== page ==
Ketcham wrote this book only decades after Lincoln's death but in that time society and technology had both changed a bit. For example, he mentions how as a result of growing up earlier and on the frontier that Lincoln had not had such modern conveniences as gas lights in his home or sidewalks and paved roads. I got a sense of just how rapidly technology was affecting society even then. And it struck me even more powerfully than seeing the mock-ups of frontier homes had. If Lincoln's childhood had seemed rough to someone who thought gas lights were advanced he truly had it hard. And the description of the house being open along one side had not made it into any of the books I had previously read. I cannot imagine what winter must have been like for that family.

When the inevitable ending comes it does so with more sorrow for what a man we lost, not just a president but a person. He had held himself to a very high standard while being compassionate enough to understand if others could not manage to hold themselves to the same. He forgave others their weaknesses but strove to strengthen himself. And he enjoyed a good book more than most while still able to tell a funny story well when it came to be his turn. His heart had been broken but he worked to give what he could of what was left.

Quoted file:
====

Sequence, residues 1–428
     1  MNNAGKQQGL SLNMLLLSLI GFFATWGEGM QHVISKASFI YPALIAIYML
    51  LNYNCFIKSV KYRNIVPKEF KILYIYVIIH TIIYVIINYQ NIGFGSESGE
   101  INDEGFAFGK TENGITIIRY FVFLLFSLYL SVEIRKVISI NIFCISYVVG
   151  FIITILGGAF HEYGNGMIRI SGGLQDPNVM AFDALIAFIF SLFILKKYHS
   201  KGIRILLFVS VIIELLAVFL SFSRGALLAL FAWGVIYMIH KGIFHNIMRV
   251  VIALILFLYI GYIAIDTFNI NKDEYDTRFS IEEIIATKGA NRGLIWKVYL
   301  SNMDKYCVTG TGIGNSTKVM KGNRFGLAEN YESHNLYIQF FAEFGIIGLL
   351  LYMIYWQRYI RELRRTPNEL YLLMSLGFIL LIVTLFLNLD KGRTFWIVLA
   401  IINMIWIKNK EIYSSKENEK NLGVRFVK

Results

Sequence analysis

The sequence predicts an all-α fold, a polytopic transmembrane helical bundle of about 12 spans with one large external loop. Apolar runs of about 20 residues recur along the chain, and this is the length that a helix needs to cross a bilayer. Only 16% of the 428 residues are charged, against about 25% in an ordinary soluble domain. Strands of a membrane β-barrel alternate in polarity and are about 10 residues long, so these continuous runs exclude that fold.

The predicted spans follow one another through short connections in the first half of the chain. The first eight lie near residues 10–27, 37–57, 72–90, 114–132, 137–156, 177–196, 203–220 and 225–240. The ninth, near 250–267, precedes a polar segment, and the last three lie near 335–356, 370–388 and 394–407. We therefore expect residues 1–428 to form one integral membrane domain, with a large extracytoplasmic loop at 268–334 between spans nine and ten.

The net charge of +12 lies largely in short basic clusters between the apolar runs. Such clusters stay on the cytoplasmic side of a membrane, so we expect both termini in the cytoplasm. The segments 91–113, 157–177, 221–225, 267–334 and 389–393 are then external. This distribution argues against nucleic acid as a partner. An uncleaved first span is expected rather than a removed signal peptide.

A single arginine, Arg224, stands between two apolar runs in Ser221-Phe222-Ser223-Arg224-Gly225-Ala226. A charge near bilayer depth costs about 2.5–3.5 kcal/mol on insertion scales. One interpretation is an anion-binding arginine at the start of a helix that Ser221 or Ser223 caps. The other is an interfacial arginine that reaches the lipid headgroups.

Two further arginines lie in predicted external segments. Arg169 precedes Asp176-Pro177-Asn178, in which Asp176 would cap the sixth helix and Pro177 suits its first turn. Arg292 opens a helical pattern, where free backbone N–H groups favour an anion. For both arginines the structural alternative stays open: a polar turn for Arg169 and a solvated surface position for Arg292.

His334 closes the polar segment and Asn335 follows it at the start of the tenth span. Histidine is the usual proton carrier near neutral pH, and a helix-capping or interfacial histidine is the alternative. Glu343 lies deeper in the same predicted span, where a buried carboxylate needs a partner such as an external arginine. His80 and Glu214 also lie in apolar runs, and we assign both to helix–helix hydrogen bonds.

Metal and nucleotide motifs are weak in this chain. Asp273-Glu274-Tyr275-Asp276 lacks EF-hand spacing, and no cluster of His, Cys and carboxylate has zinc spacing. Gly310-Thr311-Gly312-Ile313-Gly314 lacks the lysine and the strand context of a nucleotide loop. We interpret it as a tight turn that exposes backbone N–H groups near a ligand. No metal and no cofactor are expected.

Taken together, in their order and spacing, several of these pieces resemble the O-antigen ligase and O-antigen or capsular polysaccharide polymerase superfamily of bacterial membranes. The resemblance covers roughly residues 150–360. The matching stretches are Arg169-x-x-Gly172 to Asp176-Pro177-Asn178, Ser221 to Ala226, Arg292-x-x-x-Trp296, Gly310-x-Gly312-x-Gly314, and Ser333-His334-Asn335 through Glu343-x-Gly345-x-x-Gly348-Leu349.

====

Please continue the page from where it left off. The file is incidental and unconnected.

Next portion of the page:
I really feel as if I have only now met the real Abraham Lincoln. And if you read only one book about him, this should be that one.
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on April 9, 2017
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on April 2, 2017
This was a great read. I have read a biography of Lincoln before but this one was different. I don't know when this was published but it appears it was not all that long after the civil war. It seems like this author actually had talked to people of the time. He had two older brothers who served (I'm assuming as soldiers) under Lincoln. It just gives a really good insight into the character of Lincoln and things that were happening during the war. Very interesting, easy read.
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on July 29, 2015
I had been wanting to read a book on Abraham Lincoln for quite a long time and after looking around and seeing how many of them are out there, I was dumbfounded at where to begin. Also, I will be visiting Abe's hometown of Springfield, Illinois soon and wanted to freshen up on his history.

When I found THE LIFE OF ABRAHAM LINCOLN, I decided that it would be a good starting point for two reasons. First, because it was written in 1901, I figured it would be neat to read a book from closer to when it actually happened and is free in the Kindle Store!